The 2022 ParkScore finds that cities are increasingly employing green space as a tool for mitigating heat and extreme weather effects, but the distribution of parks remains inequitable.
A blog post from the Trust for Public Land outlines the importance of urban parks in slowing and mitigating the effects of climate change. “Many American cities have committed to slashing carbon emissions. Increasingly, they are also trying to make themselves more resilient, adapting streetscapes and green spaces to counter the worst effects of extreme heat and violent storms.” The blog calls parks a vital component of this effort. “Green space has the power to lower air temperature and absorb floodwater and can be designed in a way that enhances those benefits. That’s especially important for disadvantaged communities, whose vulnerable populations are most at risk as the Earth warms.”
The blog highlights key findings of their 2022 ParkScore® index, including that “Eighty-five percent of cities are adapting parks and recreation facilities to address climate change” and “Seventy-seven percent are enlisting parks to counter urban heat.”
The analysis also uncovered inequities in park distribution. “Our analysis found that the neighborhoods where most residents identify as people of color have access to an average of 43 percent less park acreage than mostly white neighborhoods.”
The blog concludes that more investment is needed to combat climate change and protect the most vulnerable communities. “Congress, state governments, and city councils all must redouble efforts to finance green infrastructure in order to protect communities—especially those that need parks most.”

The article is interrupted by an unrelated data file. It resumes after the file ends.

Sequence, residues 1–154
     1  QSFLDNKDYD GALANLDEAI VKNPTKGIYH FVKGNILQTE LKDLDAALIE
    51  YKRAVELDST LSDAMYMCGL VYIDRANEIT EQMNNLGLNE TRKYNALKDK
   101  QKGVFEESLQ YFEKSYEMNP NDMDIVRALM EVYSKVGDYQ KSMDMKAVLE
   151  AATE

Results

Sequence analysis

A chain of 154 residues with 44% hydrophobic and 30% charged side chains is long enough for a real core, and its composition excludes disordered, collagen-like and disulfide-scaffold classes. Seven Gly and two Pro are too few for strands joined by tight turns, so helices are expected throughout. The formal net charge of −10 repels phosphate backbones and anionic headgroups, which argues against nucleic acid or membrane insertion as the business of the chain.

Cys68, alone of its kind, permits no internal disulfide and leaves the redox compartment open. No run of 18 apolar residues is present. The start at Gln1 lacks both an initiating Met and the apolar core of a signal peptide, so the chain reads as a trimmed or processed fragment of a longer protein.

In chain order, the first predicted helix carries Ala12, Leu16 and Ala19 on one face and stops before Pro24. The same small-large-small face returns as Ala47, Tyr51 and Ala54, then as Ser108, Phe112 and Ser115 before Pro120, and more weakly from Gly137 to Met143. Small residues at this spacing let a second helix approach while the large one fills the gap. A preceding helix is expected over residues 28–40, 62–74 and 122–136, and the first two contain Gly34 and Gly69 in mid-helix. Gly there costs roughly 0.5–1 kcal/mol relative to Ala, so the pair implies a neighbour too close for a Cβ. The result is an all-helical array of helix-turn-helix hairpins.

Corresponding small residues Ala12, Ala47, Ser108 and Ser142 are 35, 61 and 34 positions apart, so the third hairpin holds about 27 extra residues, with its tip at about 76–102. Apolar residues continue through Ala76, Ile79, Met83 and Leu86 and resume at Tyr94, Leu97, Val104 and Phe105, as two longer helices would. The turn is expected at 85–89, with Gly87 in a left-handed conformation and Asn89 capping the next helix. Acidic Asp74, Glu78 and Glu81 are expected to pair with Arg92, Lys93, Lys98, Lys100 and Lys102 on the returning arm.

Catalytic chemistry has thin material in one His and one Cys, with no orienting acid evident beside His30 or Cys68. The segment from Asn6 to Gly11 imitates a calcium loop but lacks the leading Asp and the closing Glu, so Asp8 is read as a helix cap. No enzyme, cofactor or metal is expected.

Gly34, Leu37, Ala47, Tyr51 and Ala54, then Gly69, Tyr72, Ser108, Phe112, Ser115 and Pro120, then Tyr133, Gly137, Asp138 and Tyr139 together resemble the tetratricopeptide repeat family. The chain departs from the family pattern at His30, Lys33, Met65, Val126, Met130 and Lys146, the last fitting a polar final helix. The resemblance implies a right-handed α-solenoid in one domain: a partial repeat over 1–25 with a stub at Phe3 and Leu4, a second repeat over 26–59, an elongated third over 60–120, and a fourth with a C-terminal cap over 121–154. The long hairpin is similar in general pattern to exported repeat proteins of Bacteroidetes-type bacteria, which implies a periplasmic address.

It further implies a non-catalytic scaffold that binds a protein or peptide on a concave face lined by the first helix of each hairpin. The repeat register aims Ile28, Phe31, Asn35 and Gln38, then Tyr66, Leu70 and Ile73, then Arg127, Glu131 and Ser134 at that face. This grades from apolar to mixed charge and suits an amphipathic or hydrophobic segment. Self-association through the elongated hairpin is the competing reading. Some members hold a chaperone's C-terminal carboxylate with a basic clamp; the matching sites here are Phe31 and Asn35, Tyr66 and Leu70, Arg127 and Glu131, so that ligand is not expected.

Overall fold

Indiana Once Again Considering Ban on Dedicated Transit Lanes
The proposed legislation would impact the construction of planned IndyGo Blue Line, the third phase of the city’s bus rapid transit system.
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LA’s ‘Spongy’ Infrastructure Captured Almost 9 Billion Gallons of Water
The city is turning away from stormwater management practices that shuttle water to the ocean, building infrastructure that collects and directs it underground instead.
An Affordable Housing Model for Indigenous Americans
Indigenous people make up a disproportionately high percentage of the unhoused population, but many programs designed to assist them don’t reach those most in need.
Oregon Bill Would Ban E-Bikes for Riders Under 16
State lawmakers seek to change Oregon e-bike laws following the death of a 15-year old last summer.
Northeastern Waterways More Polluted After Wet Year
Intense rains washed more runoff into local bodies of water, while warmer temperatures contributed to the growth of an invasive bloom.
Tufts University Department of Urban and Environmental Policy and Planning
City of Grand Forks, North Dakota
HUD's Office of Policy Development and Research
City of Birmingham, Alabama
City of Laramie, Wyoming
Colorado Department of Local Affairs
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